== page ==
[Ed. note: Lawrence is enjoying a well-deserved day off, so I am filling in with an update based on something I recently shared on our “Proxy Season Blog” on TheCorporateCounsel.net.]
Civil rights audits are the latest target of “anti-ESG” activism, with Strive Asset Management’s Vivek Ramaswamy sending a letter to Apple last week in connection with launching his second ETF, which is focused on large public companies. Lawrence has blogged about Ramaswamy’s other recent efforts to encourage oil companies to make capital investments in oil & gas production and to dissuade them from setting net-zero goals. Now, the author & investor is urging Apple to:
- Rescind any commitments to conduct a racial equity audit; and
- Commit to making all employment decisions based on merit, without regard to race, sex, or political beliefs.
On the same day last week, Strive also sent a letter to Disney urging it to commit to “political non-discrimination” and to “commit to making all decisions based on long-term profitability of Disney alone, without regard to social, cultural, or political pressure from employees, activist groups, or other stakeholders.”
Apple agreed to conduct its civil rights audit after a proposal on that topic received approval from a majority of its shareholders this past spring. In his letter, Ramaswamy continues to argue that institutional asset managers aren’t really shareholders, so their votes shouldn’t count. The letter suggests that Strive may submit its own shareholder proposal next spring, or take some action against directors, if Apple doesn’t address Ramaswamy’s concerns.
It was nearly two years ago when we first blogged about shareholder proposals requesting independent audits of corporate racial equity practices. This year, that proposal category – which now tends to address the broader concept of civil rights – has broken into the “Top 5” most common proposals, according to Alliance Advisors’ recent proxy season recap. And it’s not just the number of proposals that is making waves (49 submitted as of August 5th, plus nearly a dozen “reverse discrimination” audit requests from NCPPR) – it’s also the level of support they’re receiving. Here’s an excerpt from the memo (also see this ISS Corporate Solutions summary):
Proposals calling for racial justice reports made an explosive second-year appearance following the 2020 death of George Floyd and Black Lives Matter protests. Most centered around independent racial equity and civil rights audits after last year’s requests — primarily at financial institutions — resulted in four negotiated withdrawals and 33% average support across the nine voted. This year the proponents broadened their industry reach and tripled the number of filings. The 22 voted averaged 44.9% support and achieved eight majorities (see table below).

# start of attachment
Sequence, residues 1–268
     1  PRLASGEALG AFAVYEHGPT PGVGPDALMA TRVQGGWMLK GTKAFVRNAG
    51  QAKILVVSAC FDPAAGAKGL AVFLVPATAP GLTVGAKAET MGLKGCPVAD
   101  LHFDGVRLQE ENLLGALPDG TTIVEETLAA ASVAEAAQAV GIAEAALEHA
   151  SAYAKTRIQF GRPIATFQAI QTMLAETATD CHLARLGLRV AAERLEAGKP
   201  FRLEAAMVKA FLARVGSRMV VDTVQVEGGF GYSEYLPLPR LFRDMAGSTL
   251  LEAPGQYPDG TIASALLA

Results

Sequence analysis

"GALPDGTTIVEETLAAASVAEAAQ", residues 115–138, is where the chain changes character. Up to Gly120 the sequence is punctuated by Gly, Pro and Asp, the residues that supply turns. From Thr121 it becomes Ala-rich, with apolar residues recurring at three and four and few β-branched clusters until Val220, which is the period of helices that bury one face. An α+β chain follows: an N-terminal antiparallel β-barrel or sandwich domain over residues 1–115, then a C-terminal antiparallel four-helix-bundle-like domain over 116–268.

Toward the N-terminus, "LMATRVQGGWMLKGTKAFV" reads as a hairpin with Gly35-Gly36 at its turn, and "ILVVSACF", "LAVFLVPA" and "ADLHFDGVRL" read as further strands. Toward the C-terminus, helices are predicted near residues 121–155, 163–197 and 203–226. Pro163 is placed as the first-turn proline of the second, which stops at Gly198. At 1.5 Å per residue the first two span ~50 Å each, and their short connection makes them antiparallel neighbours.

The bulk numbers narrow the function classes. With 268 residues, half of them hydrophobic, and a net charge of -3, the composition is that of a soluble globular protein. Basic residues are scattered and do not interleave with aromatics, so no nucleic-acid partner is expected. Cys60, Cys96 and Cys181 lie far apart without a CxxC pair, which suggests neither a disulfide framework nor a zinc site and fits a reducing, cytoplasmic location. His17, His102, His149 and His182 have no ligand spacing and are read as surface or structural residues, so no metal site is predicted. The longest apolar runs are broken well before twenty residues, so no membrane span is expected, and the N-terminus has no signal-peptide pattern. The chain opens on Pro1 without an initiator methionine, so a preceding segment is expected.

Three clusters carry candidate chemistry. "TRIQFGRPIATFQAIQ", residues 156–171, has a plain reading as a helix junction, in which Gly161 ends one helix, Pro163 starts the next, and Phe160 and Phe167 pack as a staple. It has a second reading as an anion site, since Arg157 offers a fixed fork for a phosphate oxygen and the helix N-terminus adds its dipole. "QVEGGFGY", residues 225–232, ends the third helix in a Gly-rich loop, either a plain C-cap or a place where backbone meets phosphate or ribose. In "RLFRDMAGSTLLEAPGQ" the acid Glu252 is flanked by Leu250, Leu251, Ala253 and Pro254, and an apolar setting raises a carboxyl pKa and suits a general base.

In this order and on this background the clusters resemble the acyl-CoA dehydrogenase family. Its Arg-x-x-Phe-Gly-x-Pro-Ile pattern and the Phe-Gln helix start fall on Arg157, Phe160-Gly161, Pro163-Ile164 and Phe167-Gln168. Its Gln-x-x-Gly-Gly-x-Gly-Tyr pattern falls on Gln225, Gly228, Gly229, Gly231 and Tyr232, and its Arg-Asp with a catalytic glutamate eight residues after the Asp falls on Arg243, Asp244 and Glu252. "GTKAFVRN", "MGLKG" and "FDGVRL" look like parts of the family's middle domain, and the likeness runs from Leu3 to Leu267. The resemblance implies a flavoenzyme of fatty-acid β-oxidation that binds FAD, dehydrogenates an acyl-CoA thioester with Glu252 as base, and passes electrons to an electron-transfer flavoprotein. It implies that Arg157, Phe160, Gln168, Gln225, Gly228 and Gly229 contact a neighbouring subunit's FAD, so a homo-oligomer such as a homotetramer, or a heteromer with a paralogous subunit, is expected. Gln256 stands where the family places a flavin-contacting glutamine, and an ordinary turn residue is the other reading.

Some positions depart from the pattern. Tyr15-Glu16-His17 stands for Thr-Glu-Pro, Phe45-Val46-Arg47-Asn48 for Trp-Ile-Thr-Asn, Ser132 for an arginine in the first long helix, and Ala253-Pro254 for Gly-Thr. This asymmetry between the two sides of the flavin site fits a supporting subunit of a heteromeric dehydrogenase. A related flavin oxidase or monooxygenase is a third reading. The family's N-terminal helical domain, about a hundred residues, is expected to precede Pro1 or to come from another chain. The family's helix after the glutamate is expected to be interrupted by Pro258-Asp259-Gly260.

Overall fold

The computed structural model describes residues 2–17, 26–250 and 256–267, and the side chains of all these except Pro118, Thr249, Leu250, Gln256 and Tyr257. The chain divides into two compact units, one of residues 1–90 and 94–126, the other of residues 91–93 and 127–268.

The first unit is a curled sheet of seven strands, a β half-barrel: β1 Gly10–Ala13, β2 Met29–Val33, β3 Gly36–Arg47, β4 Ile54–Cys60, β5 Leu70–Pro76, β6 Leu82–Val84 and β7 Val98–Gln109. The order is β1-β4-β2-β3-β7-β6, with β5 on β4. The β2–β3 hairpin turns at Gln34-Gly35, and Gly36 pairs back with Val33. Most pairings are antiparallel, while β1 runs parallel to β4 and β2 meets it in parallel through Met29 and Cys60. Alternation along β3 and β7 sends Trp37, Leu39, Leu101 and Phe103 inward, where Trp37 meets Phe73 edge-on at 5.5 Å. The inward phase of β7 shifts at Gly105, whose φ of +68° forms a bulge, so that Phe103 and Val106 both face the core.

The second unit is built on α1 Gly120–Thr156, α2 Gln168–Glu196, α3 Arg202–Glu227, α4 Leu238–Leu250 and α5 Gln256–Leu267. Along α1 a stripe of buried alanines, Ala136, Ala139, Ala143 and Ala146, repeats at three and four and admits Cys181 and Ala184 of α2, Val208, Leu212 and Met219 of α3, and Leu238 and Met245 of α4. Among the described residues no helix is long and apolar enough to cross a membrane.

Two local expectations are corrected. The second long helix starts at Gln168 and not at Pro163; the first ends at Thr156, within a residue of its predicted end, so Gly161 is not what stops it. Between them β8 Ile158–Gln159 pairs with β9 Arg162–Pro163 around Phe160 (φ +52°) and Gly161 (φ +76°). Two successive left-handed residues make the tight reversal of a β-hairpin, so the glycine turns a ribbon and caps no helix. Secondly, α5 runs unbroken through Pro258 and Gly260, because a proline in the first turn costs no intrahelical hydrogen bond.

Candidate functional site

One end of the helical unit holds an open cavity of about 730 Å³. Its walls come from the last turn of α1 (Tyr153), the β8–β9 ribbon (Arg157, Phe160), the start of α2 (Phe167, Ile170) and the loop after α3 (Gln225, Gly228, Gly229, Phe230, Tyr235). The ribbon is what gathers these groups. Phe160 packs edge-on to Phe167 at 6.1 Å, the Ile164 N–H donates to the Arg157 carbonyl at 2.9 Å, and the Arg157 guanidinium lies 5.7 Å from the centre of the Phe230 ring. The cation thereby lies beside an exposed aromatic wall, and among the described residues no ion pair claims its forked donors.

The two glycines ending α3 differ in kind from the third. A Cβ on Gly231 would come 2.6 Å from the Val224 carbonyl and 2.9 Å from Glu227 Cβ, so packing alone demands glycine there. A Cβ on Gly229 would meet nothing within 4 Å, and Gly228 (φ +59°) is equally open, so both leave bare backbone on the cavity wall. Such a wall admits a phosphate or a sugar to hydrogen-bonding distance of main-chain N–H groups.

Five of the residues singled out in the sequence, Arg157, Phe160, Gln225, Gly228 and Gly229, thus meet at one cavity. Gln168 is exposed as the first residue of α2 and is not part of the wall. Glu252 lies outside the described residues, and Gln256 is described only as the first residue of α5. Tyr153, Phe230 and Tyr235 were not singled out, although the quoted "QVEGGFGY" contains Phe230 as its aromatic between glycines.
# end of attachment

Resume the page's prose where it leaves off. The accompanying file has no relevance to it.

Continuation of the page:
The memo goes on to note that ISS backed 77% of the resolutions this year – compared to 22% in 2021. ISS recently gathered feedback on this topic as part of its annual global benchmark policy survey, so it will be interesting to see whether & how their policy changes for 2023. Alliance Advisors noted that investor votes varied – e.g., BlackRock was largely supportive but didn’t back certain proposals due to the companies already making extensive disclosures about DEI efforts. Withdrawals were also important:
Less visible were proponents’ off-ballot successes. Seventeen proposals never reached a vote including at Amazon.com, Dow, JPMorgan Chase, Tyson Foods, Uber Technologies and Verizon Communications which publicly announced their intent to undertake an audit. Apple and McDonald’s also committed to a third-party civil rights assessment following their 2022 majority votes, as did Microsoft in mid-June.
The memo says that some companies have spent up to $1 million conducting these independent audits. If your company is at risk of receiving a proposal, you will not only want to consider the substantive pros & cons of eventually conducting an audit, but also start looking at the ROI of being proactive with DEI initiatives and disclosures. It will be important to frame any decisions and policies in a way that is business-centered: long-term value remains the underlying driver of these initiatives and “human capital”-related decisions in general. But with shareholders having different perceptions of what “long-term” means – and, in a tale as old as time, different views on how to maximize value and whether the corporate “social contract” matters – boards will need to continue to act in what they deem to be the best interest of the company and be prepared to weather criticism from both sides.
For a starting point on the steps of this process, visit our checklist on racial equity & civil rights audits – which is based on an awesome workshop we held in the spring with Covington’s Eric H. Holder, Jr. and Aaron Lewis, audit pioneer Laura Murphy, Airbnb’s Megan Cacace and SOC’s Tejal Patel. If you’re not already a PracticalESG.com member with access to this practical and essential guidance, sign up now and take advantage of our no-risk “100-Day Promise” – During the first 100 days as an activated member, you may cancel for any reason and receive a full refund.